"Christ speaks of compassion without boundaries ... Flags are about separation, assertions of superiority and aggression. The whole notion that loyalty to country is connected to one's religious faith is totally bizarre and unjustified."
-- Stephen Kolbasa, commenting on his recent dismissal as Catholic school teacher
(quoted in WCBS news radio report)
Although I identify myself with a Protestant version of Christianity, I have to declare my strong support of former Catholic school teacher Stephen Kolbasa, who was recently fired from his job for refusing to permanently display a national flag in his classroom. I first saw this story on my favorite news and views website, commondreams.org, which has reprinted a brief article on Kolbasa's firing that originally appeared in The Progressive.
Intrigued by the story, I decided to dig a little deeper. I discovered that Kolbasa has a long record of peace activism in Connecticut. His deep and abiding commitment to a socially engaged form of faith reminds me of an anti-nuclear event I attended with my sister several years ago, at which people of many different faiths who were dedicated to lives of activism. Many of them lived in near poverty and the amazing lack of materialistic goals really impressed me. Throughout the multi-day event, the participants all slept on a Catholic high school gymnasium floor. Many of them were part of the Catholic Social Worker movement, which (as I understand it, and I may even be getting the name wrong) promotes simple living and dedicating one's life to activism against war, violence, injustice, and inequality. But there were also Protestant like us, Buddhists, Muslims, Jews, etc.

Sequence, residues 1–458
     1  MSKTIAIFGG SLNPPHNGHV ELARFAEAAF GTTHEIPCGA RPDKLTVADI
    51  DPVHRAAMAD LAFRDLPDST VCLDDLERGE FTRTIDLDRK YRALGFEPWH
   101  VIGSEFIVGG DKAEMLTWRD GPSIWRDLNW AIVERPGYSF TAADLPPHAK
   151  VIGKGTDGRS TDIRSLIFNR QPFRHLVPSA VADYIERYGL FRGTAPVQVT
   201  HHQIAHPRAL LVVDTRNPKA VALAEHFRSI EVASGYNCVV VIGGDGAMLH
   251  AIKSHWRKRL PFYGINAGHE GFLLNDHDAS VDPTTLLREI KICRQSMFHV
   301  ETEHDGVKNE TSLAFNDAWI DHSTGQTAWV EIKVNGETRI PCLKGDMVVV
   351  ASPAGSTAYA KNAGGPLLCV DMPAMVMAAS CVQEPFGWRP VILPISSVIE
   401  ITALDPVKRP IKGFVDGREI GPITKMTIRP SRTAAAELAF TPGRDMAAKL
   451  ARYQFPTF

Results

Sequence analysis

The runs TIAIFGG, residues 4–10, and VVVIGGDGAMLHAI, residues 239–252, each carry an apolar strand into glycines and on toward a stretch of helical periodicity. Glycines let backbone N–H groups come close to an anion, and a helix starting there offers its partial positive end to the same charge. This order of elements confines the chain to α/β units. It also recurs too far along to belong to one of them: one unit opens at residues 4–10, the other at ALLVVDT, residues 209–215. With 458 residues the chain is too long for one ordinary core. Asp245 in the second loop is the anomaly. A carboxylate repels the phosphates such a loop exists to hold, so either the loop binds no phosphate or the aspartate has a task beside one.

Learning more about Kolbasa also led me to an intriguing website that maps the vast field of nuclear missile silos in the sparsely-populated Great Plains grassland area where Colorado, Wyoming, and Nebraska come together. This is one of my favorite parts of the world, and it is shocking to see how many weapons of mass destruction cover the landscape there. It makes something abstract like the U.S. nuclear capability somehow more tangible and frightening. I've driven by a few of these silos while driving the gravel backroads, but it is something else to see them all mapped out.
I say all of this as an American citizen who deeply loves the United States: its beautiful landscapes, its diverse people, its small towns, its backroads, its countryside, etc. To me, patriotism is a huge moral problem but loving my country is part of who I am. (Loving the current government and devoting myself to idolatrous symbols such as the flag are not part of that, however!) I believe that my love of my country is utterly contingent on my own life story and is not a claim that America is better than any other country or that the lives of my fellow Americans have any more value than others (as, for example, the intense public concern over U.S. casualties in Iraq while glossing over the much greater number of deaths of Iraqis suggests). Having lived overseas before and now again, I can say that there are good and bad things about every country. Americans are not unique in their "love of freedom" or their commitment to democracy. We have much to learn from other countries, and they have much to learn from us. I will always, however, have a special place in my heart for the people, places, and ideals that form a part of who I am as an American. But I also believe that God is working through places and people all around the world, not just in the USA--and like Stephen Kolbasa, I cannot countenance mixing my Christian faith with nationalistic symbols.